The LHWCA excludes compensation for intentional injury.  In an earlier decision the Court held a suicide or injuries from a suicide attempt is compensable if there is a direct and unbroken chain of causation between the compensable work related injury and the death or suicide attempt.  In a subsequent appeal in the same case, Leeward Marine v. Director, employers argued this was a different standard of proof than in an ordinary LHWCA claim.  The court held the ALJ could rely on the aggravation rule.  If the injury exacerbated or aggravated a preexisting condition it could be a causative factor in a direct and unbroken chain of causation.

In a Defense Base Act decision, Chugach Mgmt. Services v. Jetnil, the 9th Circuit held the zone of special danger concept applied to all subject workers, including citizens of the foreign company injured in their home country.  Concluding otherwise would lead to irrational results.

In another DBA claim, Herfi v. Global Linguist Solutions LLC, the Board offered guidance, albeit in an unpublished decision, regarding when the employer can rely on a labor market survey in overseas employment when the worker has returned to the United States.  There is no duty to seek overseas employment after recovering from an overseas injury, so ordinarily a labor market survey for overseas employment is irrelevant.  If a claimant pursues overseas work after reaching maximum medical improvement, overseas jobs become relevant alternative employment.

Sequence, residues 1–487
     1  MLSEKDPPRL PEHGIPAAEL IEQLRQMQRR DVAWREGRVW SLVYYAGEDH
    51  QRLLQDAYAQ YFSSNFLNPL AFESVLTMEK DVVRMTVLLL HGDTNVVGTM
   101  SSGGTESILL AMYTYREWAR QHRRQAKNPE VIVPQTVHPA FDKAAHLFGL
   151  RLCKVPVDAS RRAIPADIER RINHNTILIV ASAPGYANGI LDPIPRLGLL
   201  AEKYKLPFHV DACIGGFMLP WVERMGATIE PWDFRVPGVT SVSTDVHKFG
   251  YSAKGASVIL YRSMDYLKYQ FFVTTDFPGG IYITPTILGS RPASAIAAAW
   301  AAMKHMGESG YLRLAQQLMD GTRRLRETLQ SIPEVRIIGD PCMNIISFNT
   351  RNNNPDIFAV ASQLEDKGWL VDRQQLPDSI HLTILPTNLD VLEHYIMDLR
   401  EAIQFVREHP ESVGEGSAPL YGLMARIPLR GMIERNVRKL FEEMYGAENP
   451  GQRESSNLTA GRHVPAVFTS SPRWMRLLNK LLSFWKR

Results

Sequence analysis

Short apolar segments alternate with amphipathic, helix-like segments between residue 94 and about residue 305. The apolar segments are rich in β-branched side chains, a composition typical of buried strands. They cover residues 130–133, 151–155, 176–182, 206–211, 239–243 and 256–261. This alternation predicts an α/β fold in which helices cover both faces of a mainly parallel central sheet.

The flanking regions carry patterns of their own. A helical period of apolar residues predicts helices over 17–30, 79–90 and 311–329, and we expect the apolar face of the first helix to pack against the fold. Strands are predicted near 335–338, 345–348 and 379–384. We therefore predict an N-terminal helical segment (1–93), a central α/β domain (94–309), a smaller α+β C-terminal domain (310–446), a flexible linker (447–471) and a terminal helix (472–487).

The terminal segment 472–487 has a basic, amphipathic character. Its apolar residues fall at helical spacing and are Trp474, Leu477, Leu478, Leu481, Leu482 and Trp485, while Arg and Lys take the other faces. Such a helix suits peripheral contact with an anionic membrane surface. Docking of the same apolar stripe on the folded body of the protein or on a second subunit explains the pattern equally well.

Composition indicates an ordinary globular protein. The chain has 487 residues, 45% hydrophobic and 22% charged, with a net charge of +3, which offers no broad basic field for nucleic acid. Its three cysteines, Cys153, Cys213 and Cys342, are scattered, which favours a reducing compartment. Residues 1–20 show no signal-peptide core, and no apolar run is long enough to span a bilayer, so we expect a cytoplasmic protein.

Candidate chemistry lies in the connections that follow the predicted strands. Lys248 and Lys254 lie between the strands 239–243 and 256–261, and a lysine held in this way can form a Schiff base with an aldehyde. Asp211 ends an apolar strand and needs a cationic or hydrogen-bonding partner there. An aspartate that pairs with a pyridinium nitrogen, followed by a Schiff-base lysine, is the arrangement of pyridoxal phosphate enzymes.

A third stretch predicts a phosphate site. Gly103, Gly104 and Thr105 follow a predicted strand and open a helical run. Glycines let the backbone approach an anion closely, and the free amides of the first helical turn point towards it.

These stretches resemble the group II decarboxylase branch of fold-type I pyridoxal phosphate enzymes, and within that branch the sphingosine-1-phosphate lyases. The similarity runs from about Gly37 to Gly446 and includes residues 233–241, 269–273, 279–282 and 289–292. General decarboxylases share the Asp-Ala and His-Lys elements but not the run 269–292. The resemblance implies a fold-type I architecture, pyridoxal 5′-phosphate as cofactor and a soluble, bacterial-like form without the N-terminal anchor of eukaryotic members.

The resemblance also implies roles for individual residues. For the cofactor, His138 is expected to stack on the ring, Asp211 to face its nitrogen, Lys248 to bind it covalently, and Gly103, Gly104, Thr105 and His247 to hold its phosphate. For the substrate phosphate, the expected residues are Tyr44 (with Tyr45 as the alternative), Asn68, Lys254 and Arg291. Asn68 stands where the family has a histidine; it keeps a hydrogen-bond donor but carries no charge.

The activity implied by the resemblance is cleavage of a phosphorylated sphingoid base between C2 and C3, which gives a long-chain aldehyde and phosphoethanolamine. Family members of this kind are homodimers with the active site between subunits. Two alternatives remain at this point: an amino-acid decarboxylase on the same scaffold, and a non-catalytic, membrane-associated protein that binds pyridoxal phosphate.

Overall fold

In a series of decisions the Board reversed judges who had failed to issue appealable decisions.  In Grabert v. BESCO Tubular and Boudreaux v Owensby & Kritikos, Inc. the ALJ ordered employer to pay compensation but did not state the precise compensation owed.  These orders were not final orders and therefore could not be appealed.  In Alexander v. Navy Exchange Service Command the ALJ ordered employer to pay TTD until the date of maximum medical improvement.  The Board reversed and remanded because the ALJ had an obligation to either award ongoing TTD, subject to §22 modification when claimant reached maximum medical improvement, or award PPD, if entitled, in addition to TTD.

Hearing loss claims sometimes are filed long after maritime employment ends.  Roy v. Cooper/T.Smith, Inc., an unpublished decision, held in the absence of credible evidence regarding the extent of loss at the time covered employment ends, the ALJ can conclude the current audiogram reflects the loss when claimant last worked in covered employment.

Attorney Fees – Amount

Attorney Robinowitz awarded $350 per hour for services in 2011 but remanded to consider delay enhancement.  Ochoa v. Jones Stevedoring Co., 2017 DOLBRB LEXIS 200 (BRB 17-0085, 07/27/17) (unpublished).

Judge Larsen rejected Portland, Oregon attorney Charles Robinowitz’ request for $450 per hour for services from May 9, 2011 to April 5, 2013 and awarded $360 per hour.  The Board vacated this award per Shirrod v. Director, OWCP, 809 F.3d 1082 (9th Cir. 2015).  On remand, relying on the 2012 Oregon State Bar Survey, Judge Larsen awarded $350 per hour and found any delay in payment was not significant enough to warrant an enhanced hourly rate.  On appeal, the Board affirmed the rate of $350 per hour for 2011, concluding the ALJ performed a reasoned analysis of the 2012 OSB Survey data and offered a rationale for his proxy rate.  It remanded to consider an enhancement of the fee due to delay between the performance of services and the award of a fee for those services (May 9, 2011 to April 5, 2013).

Attorney Fees – Entitlement

Medical provider was “person seeking benefits” entitled to fees.  Billman, Cole, and  Wardell Orthopedics PC  v. Huntington Ingalls Industries, 2017 DOLBRB LEXIS 209 (BRB 16-0537, 16-0537A, 16-0576, 16-0576A, 07/31/17) (unpublished).